Feeling the Exam Blues? Crack The Boards with the Help of this Guide

Mathematics is an integral part of our life but many think of it as a boring subject that has to be studied in school or college. In their latest boxset Improve Memory and Maths Skills, Aditi and Sudhir Singhal not only make mathematical principles fun and easy-to-learn but also show a different a side to this subject – a side that can help us improve our concentration skills and increase our attention span. The boxset also includes a manual that will help you memorize anything and explore the immense power of your memory.

Read to know more about how you can tackle the math monster:
Many teachers wonder what magic they can perform to make their kids like the subject. But the fact is it all depends on what you think about the subject and how you present it to students, both children and adults. If a teacher introduces a concept by saying ‘today we are going to start a new topic and it is very difficult. You need to pay attention, otherwise they won’t understand’, those students who find maths difficult automatically switch off, thinking they won’t be able to understand today’s topic. And the students who like the subject also tend to get a little stressed, which is not an ideal mindset for establishing a solid foundation. Instead, if a topic is introduced by saying, ‘Today we are going to learn something very interesting, which I feel you all will enjoy doing,’ and some activity or storytelling accompanies it, then everyone can get involved.

During interaction with students and teachers over the years, we[Aditi and Sudhir Singhal] have realized that whether one fears maths or loves it depends on how well a person understands it. If someone scores well in maths, they start liking it. But if they give wrong answers, they develop a fear of the subject, believing that maths is difficult.

The main factors that contribute to this fear are:

  • Clarity of concepts –When a concept is not clear, the child or adult makes mistakes repeatedly, losing confidence and eventually giving up.
  • Lack of practice – If someone understands the concept but doesn’t practice it enough, then he/she is not going to retain it for a longer time. Through practice, one is able to understand the patterns involved in the procedure and develops strong pathways in brain which are required to accomplish a particular task.
  • Wrong beliefs and messages – Every time a child hears a parent, older sibling, grandparent saying ‘Maths is very difficult’, it makes them think if their elders feared the subject, then it must indeed be very difficult to master, feeding their fear of the subject.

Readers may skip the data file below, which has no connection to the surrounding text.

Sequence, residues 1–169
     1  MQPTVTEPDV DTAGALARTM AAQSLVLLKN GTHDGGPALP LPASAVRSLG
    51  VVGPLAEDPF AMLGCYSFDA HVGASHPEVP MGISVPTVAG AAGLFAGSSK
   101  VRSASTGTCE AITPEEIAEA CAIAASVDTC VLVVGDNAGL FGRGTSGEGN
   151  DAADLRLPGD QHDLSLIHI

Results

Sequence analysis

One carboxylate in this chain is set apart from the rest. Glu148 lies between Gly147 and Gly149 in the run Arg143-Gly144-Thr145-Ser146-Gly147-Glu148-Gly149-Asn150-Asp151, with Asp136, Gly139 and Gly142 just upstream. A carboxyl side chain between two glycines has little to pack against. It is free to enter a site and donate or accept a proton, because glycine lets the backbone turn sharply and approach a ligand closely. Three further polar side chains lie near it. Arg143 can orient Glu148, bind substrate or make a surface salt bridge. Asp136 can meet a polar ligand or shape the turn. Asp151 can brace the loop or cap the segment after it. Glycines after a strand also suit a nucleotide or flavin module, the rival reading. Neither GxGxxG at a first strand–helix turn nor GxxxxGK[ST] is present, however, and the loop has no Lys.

• Not able to relate it with daily life situations – Most students are unclear about the significance of the topics covered during their maths class. Often, they do not see a connection between the topics taught and real-world problems.

To remove the fear of maths, we need to shift our focus from remembering procedures or formulae to understanding them with proper reasoning. First of all, maths should not be treated as just a subject you need to study to get marks in exams. Rather, the emphasis should be on knowing the beauty and importance of maths in daily life. In the present education system, upto eight standard, maths curriculum is focused on calculation skills involving mainly long procedures and formulae. That’s why, with time, students start losing interest in it as they think calculations can easily be done using calculators and mobiles. The remedy for this is for school-level maths to be more related to day-to-day situations. The emphasis should be more on developing mathematical thinking and problem solving skills of a child rather than just working on calculations. Apart from teaching the procedures to solve a particular problem, understanding of why we are using that procedure should also be taught. In short, we need to add the why along with the how to solve a given task or problem.

 

Students can improve their maths skills by practicing the following strategies:

  • Solve challenging puzzles, playing Sudoku, or playing chess. This will help exercise the brain and develop thinking skills.
  • Practice maths regularly, doing at least 3 questions daily.
  • Instead of using calculators, try to do calculations mentally.
  • Don’t hesitate to ask questions.
  • Use Vedic math to make your calculations fast and easy.
  • Try to relate maths problem with day-to-day situations.

 

Aditi Singhal is an international memory trainer, author, motivational speaker, counsellor and Vedic Math expert. Sudhir Singhal is a dynamic trainer, author, motivational speaker and counsellor. Both of them hold the Guinness World Record for conducting the largest mathematics class. Their latest boxset Improve Memory and Maths Skills contains the best tips and tricks and is meant for all age-groups students, teachers, and parents. Guaranteed to improve your mathematics and memory skills, these books are must-reads for competitive exams, maths enthusiasts and puzzle aficionados.

Get cracking the boards season by getting your hands on this boxset.

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